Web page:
On the day itself the bride had planned to canoe across the lake Hiawatha style to arrive at her wedding. Instead she drove herself there in her white van and entered the venue protected by a huge umbrella. The salmon survived. The bride remained dry and at least by the afternoon the rain had subsided and a hint of sun allowed the guests to go outside and the kids to play in the field.
Inside everything was beautiful. Yellows and greens gave the venue a fresh summery feel despite the weather outside. As with our first wedding we provided a hot and cold buffet, this time with waitress service to make sure portions were strictly controlled. With vegan food put to one side we couldn’t risk the meat eaters helping themselves. I felt like a food fascist as one man said “could I have some tart please” my response being “are you vegetarian or vegan”? “No” he replied, “well you can’t” I responded at which point he moved a long and had some lamb looking a bit sorry for himself. ).
Putting it all together in the kitchen…vintage china, which was also used on the tables and for tea and coffee
The menu of over night roast shoulder of lamb with rosemary and honey (lamb from Gerlan), marinated chicken with gremolata, cold salmon with dill mayonnaise, wild mushroom and leek croustade (vegan), plus a selection of salad, bread, Welsh cheese board and chutney went down a treat. The desserts (baked cheesecake with blackcurrant coulis, chocolate torte, chocolate cake (vegan) made by the best vegan cake maker I know, Lynwen from Aderyn Melis, fruit salad and mango-passionfruit sorbet) also disappeared so quickly some barely got a look in!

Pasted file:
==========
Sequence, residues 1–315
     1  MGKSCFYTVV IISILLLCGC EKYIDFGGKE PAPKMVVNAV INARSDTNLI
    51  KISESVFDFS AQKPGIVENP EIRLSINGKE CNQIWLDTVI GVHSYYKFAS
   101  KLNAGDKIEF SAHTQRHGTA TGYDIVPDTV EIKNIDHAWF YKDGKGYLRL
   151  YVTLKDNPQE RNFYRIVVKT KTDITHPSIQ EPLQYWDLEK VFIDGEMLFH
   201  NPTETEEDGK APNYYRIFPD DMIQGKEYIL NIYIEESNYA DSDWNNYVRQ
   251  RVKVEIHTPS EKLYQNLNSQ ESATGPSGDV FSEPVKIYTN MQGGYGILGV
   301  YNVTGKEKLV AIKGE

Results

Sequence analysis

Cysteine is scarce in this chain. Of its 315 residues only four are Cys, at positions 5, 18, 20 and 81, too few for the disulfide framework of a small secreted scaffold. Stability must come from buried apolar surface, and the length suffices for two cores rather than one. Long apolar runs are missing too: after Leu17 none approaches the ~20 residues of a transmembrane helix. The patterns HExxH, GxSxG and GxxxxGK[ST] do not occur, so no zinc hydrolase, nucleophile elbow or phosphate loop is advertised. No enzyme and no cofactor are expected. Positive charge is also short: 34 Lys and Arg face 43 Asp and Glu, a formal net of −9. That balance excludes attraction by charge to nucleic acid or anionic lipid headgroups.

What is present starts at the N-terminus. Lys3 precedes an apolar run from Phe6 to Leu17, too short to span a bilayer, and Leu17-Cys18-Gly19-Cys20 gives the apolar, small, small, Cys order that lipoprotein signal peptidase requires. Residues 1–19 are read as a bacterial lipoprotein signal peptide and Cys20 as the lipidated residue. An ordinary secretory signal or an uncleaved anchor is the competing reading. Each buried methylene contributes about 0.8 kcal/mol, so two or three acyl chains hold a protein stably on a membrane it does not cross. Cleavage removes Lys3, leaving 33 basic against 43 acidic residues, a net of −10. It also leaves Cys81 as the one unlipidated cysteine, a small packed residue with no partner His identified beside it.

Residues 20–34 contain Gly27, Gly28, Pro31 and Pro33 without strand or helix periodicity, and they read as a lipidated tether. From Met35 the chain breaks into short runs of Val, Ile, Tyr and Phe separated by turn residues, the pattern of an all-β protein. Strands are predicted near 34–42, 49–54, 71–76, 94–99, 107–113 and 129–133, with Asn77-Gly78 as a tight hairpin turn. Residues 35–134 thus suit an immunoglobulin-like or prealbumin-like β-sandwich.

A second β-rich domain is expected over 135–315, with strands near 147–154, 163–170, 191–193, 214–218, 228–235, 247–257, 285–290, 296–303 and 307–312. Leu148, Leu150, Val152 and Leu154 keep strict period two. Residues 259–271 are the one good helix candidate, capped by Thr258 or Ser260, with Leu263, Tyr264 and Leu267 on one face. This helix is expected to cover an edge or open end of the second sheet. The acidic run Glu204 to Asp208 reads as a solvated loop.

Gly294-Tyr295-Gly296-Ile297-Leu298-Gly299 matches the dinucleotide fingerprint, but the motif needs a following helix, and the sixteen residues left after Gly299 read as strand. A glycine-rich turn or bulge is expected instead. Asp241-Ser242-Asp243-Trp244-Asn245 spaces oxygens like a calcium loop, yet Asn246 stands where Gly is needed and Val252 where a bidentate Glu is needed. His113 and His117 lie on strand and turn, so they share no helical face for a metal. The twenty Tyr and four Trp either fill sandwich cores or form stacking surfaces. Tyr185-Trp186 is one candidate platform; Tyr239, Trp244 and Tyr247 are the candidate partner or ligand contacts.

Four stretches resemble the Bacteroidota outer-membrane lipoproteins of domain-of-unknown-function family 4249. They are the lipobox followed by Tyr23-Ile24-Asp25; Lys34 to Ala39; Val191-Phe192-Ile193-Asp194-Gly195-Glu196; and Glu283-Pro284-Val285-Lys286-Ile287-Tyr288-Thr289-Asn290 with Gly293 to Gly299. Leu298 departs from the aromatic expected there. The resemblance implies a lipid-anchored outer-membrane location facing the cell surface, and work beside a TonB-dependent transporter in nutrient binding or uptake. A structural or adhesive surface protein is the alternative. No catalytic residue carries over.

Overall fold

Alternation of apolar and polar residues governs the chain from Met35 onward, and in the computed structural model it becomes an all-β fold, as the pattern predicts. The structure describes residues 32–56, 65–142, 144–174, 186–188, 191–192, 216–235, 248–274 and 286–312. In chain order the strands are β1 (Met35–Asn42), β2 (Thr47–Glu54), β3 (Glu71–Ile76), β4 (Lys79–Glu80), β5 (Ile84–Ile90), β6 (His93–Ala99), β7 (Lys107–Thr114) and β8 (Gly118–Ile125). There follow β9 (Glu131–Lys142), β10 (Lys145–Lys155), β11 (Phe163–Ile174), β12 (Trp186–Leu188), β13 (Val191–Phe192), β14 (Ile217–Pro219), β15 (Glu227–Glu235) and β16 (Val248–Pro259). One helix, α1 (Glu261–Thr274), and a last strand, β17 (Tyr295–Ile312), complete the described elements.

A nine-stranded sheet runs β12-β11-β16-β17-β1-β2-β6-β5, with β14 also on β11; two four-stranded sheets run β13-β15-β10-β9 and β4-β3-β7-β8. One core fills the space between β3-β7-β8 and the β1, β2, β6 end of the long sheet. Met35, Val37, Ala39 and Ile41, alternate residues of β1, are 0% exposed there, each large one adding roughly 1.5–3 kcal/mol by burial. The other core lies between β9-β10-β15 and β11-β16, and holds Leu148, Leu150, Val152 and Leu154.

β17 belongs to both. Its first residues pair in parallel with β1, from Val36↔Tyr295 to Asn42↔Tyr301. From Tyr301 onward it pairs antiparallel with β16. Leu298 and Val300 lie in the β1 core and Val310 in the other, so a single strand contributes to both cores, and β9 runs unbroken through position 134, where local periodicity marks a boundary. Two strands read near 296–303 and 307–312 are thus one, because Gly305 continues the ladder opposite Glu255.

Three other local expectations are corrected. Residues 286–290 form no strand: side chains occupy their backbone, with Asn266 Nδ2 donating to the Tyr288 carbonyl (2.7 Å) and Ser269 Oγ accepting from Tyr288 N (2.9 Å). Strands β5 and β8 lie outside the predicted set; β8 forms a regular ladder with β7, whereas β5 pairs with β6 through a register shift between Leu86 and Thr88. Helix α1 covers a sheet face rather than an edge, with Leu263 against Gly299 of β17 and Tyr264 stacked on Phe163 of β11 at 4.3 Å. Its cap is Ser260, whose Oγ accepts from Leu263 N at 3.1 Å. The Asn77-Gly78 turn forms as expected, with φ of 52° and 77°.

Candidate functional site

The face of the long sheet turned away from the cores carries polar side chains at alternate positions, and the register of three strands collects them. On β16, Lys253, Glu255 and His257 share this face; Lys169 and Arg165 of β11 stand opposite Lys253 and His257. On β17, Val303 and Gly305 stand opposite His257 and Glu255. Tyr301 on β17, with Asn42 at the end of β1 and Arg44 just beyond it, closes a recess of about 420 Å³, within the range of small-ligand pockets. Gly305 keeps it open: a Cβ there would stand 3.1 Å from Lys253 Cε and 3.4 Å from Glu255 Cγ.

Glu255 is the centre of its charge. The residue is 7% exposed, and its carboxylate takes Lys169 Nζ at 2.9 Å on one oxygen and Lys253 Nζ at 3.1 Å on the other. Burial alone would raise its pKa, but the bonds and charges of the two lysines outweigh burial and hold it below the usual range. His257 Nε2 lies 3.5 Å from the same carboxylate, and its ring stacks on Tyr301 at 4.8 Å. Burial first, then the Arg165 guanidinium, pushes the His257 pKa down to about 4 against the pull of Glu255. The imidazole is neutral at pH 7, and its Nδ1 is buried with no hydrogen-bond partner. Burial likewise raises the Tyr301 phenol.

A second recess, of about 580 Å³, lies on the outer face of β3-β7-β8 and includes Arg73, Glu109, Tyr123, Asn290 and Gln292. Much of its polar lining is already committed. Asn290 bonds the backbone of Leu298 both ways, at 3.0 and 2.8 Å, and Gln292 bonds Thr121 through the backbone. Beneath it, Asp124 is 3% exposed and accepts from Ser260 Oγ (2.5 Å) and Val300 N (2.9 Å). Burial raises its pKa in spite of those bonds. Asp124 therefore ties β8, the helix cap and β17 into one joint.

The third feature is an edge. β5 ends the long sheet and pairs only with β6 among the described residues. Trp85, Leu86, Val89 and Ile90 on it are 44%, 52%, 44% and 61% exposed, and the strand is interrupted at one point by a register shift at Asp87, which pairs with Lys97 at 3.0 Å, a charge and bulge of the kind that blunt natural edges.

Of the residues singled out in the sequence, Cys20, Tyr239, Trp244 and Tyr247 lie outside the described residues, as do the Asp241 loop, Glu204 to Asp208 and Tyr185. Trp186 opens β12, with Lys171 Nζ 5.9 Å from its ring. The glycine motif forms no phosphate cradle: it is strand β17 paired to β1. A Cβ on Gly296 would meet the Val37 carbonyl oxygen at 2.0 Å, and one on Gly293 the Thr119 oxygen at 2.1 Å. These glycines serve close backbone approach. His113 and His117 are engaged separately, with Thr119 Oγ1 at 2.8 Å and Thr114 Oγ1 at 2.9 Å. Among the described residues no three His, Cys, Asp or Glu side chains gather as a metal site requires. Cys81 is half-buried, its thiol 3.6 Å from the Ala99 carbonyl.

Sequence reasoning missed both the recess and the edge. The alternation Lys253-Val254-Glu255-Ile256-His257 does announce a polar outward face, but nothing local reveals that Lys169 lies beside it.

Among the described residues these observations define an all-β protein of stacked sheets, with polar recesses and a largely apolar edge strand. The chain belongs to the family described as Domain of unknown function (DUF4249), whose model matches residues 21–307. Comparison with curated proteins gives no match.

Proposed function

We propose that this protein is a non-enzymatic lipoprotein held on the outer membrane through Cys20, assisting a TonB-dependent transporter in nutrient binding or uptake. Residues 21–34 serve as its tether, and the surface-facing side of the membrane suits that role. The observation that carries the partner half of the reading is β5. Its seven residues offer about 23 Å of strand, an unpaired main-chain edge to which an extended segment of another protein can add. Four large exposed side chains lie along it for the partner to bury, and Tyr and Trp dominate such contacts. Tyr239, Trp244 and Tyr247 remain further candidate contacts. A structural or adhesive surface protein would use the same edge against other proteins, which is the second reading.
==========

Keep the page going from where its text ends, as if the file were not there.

A beautiful wedding cake made by the brides mother and sisters graced the table later, along with two huge vats of stew and couscous to go with them. It always amazes me how quickly food disappears…no matter how much you put on the table!
This wedding was of friends of ours so Sean and Aidan joined me for the evening and we Ceilidh’d the night away, until I had one too many glasses of wine and tiredness caught up with me. I abandoned the van and Sean drove us home, me nodding with tiredness in the front.
You might have hoped the last wedding was less dramatic but sadly you would be wrong. This makes a story on its own which I will regale you with in my next post! For now though I feel obliged to thank all those people that made all these events possible…Rosie the teen waitress; as ever, beautiful, stroppy, over dramatic, but always there when I need her (except at Kaya cos she was too busy having a good time ;-)…for the weddings…Elin Cain (singer with Vintage Magpie), Lhotse Sounds (get well soon honey), Lee Watson (The Beach House Kitchen), Amber Green (our newest lovely waitress)…..for Kaya; Zion Stuart (bassist with Dinosaur Garden…next time try not to scare the customers away :-)), Sam Cuthbertson, Swyn Anwyl Williams and Sadie Medhurst
….I love you all and thank you xx
Last but not least I have to thank Magimix for my new blender….10 kilo’s carrots, 5 kilos beetroot, three buckets of hummus (using 50 cans chick peas), cheesecake and chocolate cake mix for 60 plus 100 cupcakes, 40 onions finely chopped, 20 heads of garlic, plus bunches of parsley, mint, coriander all finely chopped….would have been beyond the capabilites of my poor old machine so my new machine truly was a LIFE SAVER!!